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Harald Sack

The Revenge of the 47 Ronin

The Revenge of the 47 Ronin

In Genroku 15, on the 14th day of the 12th month (元禄十五年十二月十四日, Tuesday, January 30, 1703), in revenge for the death of their prince Asano, 47 Ronin invade the house of the Japanese Shogunate official Kira Yoshihisa in Edo and kill him and his male followers. The story of the 47 Ronin is one of the most celebrated in the history of the samurai. Described by Japanese historians as a…
James Challis and his failure to discover the planet Neptune

James Challis and his failure to discover the planet Neptune

On December 12, 1803, English clergyman, physicist and astronomer James Challis was born. Challis investigated a wide range of physical phenomena though made few lasting contributions outside astronomy. He is best remembered for his missed opportunity to discover the planet Neptune in 1846. James Challis was born in Braintree, Essex, UK, where his father, John Challis, was a stonemason.After attending Braintree School, the Revd Daniel Copsey’s school, Braintree, and Mill…
Edmund Gunter and his Measuring Devices

Edmund Gunter and his Measuring Devices

On December 10, 1626, English clergyman, mathematician, geometer and astronomer Edmund Gunter passed away. Gunther is best remembered for his mathematical contributions which include the invention of the Gunter’s chain, the Gunter’s quadrant, and the Gunter’s scale. In 1620, he invented the first successful analog device which he developed to calculate logarithmic tangents. Edmund Gunter was born in Hertfordshire in 1581. Edmund attended Westminster School as a Queen’s Scholar, then…
Johann Hedwig – the Father of Bryology

Johann Hedwig – the Father of Bryology

On December 8, 1730, German botanist Johann Hedwig was born. Hedwig is notable for his studies of mosses for which he is sometimes called the father of bryology, in particular the observation of sexual reproduction in the cryptogams. He dealt with the anatomy, fertilization, and reproduction of mosses and introduced a new method of classification based on the distribution of spores (reproductive bodies). Hedwig was the first to recognize the…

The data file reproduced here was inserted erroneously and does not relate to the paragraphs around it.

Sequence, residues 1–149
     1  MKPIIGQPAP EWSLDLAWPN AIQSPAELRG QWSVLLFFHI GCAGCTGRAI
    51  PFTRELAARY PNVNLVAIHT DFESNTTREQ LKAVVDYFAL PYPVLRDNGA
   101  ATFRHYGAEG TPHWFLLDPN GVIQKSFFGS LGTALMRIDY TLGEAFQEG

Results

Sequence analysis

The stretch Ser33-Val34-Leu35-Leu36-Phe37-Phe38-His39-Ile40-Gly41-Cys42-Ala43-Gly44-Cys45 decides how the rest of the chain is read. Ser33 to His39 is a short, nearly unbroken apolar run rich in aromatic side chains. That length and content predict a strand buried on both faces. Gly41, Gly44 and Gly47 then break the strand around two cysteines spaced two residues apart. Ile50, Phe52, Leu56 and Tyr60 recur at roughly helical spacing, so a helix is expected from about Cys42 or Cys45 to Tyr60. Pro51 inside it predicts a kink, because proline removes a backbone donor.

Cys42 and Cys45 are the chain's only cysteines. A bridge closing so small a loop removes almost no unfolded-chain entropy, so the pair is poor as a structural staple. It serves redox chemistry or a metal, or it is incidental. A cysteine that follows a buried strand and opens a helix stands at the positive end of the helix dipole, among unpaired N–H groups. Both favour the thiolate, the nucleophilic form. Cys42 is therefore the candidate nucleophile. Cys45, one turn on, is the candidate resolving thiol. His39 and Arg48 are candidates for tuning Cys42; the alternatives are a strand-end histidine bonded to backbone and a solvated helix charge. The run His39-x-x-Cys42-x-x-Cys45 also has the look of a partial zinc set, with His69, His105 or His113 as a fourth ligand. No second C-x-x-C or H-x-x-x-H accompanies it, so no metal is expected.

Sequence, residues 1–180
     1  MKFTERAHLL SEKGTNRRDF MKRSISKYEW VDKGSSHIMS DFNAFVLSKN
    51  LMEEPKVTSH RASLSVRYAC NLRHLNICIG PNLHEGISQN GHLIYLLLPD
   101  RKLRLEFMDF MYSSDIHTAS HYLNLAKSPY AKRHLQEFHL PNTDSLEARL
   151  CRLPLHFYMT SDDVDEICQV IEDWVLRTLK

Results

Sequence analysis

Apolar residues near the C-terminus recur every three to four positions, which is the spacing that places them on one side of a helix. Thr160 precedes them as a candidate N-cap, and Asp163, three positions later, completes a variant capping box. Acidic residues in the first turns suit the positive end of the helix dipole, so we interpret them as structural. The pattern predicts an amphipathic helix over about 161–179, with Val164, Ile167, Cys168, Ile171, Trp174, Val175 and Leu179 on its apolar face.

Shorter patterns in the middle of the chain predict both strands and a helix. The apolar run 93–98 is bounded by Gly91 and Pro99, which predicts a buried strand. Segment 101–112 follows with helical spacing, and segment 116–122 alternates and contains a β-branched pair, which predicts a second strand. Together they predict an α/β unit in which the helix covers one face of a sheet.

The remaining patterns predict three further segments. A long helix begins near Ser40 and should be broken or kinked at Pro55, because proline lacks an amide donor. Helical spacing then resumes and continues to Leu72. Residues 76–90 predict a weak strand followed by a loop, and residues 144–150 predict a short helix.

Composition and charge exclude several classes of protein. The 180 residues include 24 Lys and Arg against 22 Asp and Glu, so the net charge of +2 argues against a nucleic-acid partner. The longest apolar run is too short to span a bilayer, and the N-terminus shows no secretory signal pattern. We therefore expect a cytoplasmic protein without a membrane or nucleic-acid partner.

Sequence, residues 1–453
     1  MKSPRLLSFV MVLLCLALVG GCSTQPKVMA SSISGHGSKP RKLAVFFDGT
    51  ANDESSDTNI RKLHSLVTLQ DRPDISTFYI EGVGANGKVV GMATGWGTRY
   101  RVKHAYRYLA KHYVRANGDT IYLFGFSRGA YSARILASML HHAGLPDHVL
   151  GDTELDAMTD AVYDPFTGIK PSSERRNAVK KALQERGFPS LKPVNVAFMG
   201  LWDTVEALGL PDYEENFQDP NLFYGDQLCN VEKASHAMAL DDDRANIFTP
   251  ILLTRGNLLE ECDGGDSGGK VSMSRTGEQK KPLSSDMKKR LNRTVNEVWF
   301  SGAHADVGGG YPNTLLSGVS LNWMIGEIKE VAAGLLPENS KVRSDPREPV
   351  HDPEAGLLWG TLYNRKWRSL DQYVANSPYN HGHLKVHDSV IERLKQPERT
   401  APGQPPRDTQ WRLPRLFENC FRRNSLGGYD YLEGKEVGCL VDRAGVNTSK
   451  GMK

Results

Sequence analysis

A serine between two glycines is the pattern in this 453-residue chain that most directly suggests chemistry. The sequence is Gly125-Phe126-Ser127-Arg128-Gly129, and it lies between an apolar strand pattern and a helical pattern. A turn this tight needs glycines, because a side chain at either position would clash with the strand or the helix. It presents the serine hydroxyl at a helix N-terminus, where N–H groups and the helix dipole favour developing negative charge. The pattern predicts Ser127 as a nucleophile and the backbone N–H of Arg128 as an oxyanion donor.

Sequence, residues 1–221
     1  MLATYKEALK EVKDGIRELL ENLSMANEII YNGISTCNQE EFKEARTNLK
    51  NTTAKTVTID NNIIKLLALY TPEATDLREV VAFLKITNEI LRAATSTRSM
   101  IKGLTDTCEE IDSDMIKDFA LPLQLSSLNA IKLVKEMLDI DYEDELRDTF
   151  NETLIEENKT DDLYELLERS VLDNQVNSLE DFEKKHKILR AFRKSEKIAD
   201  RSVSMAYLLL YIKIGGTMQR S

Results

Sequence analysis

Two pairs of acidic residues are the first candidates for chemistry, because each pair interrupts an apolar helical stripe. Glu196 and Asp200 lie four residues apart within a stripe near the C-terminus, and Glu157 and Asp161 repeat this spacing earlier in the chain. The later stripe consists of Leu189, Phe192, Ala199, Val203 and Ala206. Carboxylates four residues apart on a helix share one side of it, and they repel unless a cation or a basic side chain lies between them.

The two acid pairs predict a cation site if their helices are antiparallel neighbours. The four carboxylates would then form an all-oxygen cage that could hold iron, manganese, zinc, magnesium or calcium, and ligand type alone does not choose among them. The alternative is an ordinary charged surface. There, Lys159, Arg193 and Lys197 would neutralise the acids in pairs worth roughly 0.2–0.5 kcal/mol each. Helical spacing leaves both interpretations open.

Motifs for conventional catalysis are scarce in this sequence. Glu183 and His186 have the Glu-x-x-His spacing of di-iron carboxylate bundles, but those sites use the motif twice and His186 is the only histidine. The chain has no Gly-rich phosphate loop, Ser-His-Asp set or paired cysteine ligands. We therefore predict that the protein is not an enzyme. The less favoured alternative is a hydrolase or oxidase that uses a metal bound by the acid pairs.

Libbie Hyman and the Invertebrates

Libbie Hyman and the Invertebrates

On December 6, 1888, U.S. zoologist Libbie Henrietta Hyman was born. Hyman wrote two laboratory manuals and a comprehensive six-volume reference work, The Invertebrates, (1940-67) covering most phyla of its subject. This work, important for its organization, description and classification of invertebrates, is a reference still used today. Libbie Hyman was born in Des Moines, Iowa, USA, the third of four children and the only daughter of Joseph Hyman, a…
Robert Redfield and the Folk-Urban Continuum

Robert Redfield and the Folk-Urban Continuum

On December 4, 1897, American anthropologist and ethnolinguist Robert Redfield was born. Redfield‘s ethnographic work in Tepoztlán, Mexico is considered a landmark Latin American ethnography. From his studies of Mexican communities, Redfield developed a theory (1956) of a folk-urban continuum, to account for the differences between folk society and urban society. Robert Redfield was the son-in-law of University of Chicago sociologist Robert E. Park. In 1923 he and his wife…
Domonic Corrigan and Heart Diseases

Domonic Corrigan and Heart Diseases

On December 2, 1802, Irish physician Sir Dominic John Corrigan was born. Corrigan is known for his original observations in heart disease. The abnormal “collapsing” pulse of aortic valve insufficiency is named Corrigan’s pulse after him. Dominic John Corrigan was born in Thomas Street, Dublin, the son of John Corrigan, a dealer in agricultural tools. He was educated in St. Patrick’s College, Maynooth, near Dublin, which then had a department…
Henry Taube and the Mechanisms of Electron-transfer Reactions

Henry Taube and the Mechanisms of Electron-transfer Reactions

On November 30, 1915, Canadian-born American chemist Henry Taube was born. Taube has been awarded the 1983 Nobel Prize in Chemistry for his extensive research into the properties and reactions of dissolved inorganic substances, particularly oxidation-reduction processes involving the ions of metallic elements. Metals often form complexes, in which other atoms cluster around the metal atom, transferring and sharing electrons among themselves to bind together. Taube discovered that during a…
John Bunyan and the Pilgrim’s Progress

John Bunyan and the Pilgrim’s Progress

Probably on November 28, 1628, English writer and Puritan preacher John Bunyan was born. Bunyan is best remembered as the author of the Christian allegory The Pilgrim’s Progress. In addition to The Pilgrim’s Progress, is regarded as one of the most significant works of religious English literature, Bunyan wrote nearly sixty titles, many of them expanded sermons. John Bunyan was born in the parish of Elstow, Bedfordshire, UK, to Thomas…
Karl Ziegler’s Work on Polymers

Karl Ziegler’s Work on Polymers

On November 26, 1898, German chemist and Nobel laureate Karl Ziegler was born. Ziegler won the Nobel Prize in Chemistry in 1963, with Giulio Natta, for work on polymers. He is also known for his work involving free-radicals, many-membered rings, and organometallic compounds, as well as the development of Ziegler–Natta catalyst. Karl Ziegler was born in Helsa near Kassel, Germany and was the second son of Karl Ziegler, a Lutheran…
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